Pregnancy Discrimination Case: Supreme Court Rules Against UPS
By Thomas Ricotta on April 6th, 2015 in Workplace Discrimination
Earlier this month the United States Supreme Court ruled 6-3 in favor of a former UPS worker who claimed pregnancy discrimination when the company refused to accommodate her need to not lift more than 20 pounds. According to the petition filed on behalf of the woman, Peggy Young, UPS claimed it offered light duty to workers who were injured on the job, those with conditions covered by the Americans with Disabilities Act, and those who had lost their Department of Transportation certification because of physical impairments. The Supreme Court sent the case back to the lower court, which will decide on the merits whether or not UPS discriminated against Young. If an employer has discriminated against you or someone you know, contact knowledgeable NYC discrimination lawyers right away to preserve your rights under the law.
Discrimination is the treatment, consideration or distinction made in favor or against an individual based on a group, class or category instead of on individual merit. Employment discrimination can come in numerous forms and may include, but is not limited to, discrimination based on:
● Marital status;
● Race or national origin;
● Sexual orientation;
● Criminal record(s); or
Every person has the right to work in an environment free from discrimination and, consequently, several federal laws prohibit employment discrimination.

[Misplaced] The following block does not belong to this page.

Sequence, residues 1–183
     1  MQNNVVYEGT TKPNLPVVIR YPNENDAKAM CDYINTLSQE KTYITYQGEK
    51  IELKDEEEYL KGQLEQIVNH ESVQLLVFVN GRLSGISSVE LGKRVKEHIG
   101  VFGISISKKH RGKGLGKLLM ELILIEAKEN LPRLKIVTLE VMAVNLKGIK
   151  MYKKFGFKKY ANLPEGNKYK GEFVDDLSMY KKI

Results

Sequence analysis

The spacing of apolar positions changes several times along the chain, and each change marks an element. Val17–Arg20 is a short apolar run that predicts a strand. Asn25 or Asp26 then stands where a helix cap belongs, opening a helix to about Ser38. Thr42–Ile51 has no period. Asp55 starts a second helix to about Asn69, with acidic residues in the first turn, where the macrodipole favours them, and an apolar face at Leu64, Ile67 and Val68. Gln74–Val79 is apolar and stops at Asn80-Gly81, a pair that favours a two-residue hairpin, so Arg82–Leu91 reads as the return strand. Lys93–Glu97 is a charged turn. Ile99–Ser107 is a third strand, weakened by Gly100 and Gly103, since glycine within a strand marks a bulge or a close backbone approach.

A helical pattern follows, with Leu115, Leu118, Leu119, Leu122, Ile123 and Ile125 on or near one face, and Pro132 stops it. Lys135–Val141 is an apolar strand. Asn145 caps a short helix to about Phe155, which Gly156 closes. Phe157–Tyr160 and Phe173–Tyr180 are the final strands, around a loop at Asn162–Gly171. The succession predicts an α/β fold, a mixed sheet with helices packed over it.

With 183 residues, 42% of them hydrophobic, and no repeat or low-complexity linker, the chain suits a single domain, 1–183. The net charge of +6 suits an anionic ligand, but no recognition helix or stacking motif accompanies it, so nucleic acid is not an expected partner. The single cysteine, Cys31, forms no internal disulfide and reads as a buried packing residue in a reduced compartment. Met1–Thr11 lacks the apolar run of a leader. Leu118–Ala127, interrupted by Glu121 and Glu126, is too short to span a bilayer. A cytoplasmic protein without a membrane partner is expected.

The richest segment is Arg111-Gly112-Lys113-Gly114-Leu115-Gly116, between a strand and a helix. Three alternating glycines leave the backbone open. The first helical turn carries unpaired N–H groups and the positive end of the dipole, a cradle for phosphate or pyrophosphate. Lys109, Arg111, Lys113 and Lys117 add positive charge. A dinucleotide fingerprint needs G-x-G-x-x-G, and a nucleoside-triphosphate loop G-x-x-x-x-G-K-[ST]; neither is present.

Pregnancy discrimination laws dictate that an employer is not allowed to ask during an interview, or any time during employment, if a prospective candidate is planning on becoming pregnant. Likewise, an employer is prohibited from not offering the same benefits or passing an employee up for a promotion based on pregnancy or the possibility of it occurring. Under the federal Family and Medical Leave Act, eligible employees are able to take unpaid job-protected leave for specified family and medical reasons while keeping the same continuation of group health insurance under the same manner as if the employee had not taken leave. Pregnancy discrimination can take place in many forms so it is imperative to know your rights. These protections include:
Twelve workweeks of leave in a 12-month period for:
○ the birth of a child and to care for the newborn within one year of his/her birth;
○ the placement with the employee of a child for adoption or foster care and to care for the newly placed child within one year of placement;
○ to care for the employee’s spouse, child, or parent who has a serious health condition;
○ a serious health condition that makes the employee unable to perform the essential functions of his/her job;
○ any qualifying emergency arising out of the employee’s spouse, son, daughter, or parent being a covered military member on “covered active duty;” or
Twenty-six workweeks of leave during a single 12-month period to care for a covered service member with a serious injury or illness. This applies if the eligible employee is the service member’s spouse, son, daughter, parent, or next of kin.
Discrimination Lawyers NYC
If an employer has discriminated against you or someone you know, contact the most knowledgeable and experienced discrimination lawyers NYC has to offer at Ricotta & Marks, P.C. to learn about your rights under the law. Call toll free 347-464-8694 or click here to schedule a free, initial appointment with our pregnancy discrimination lawyers.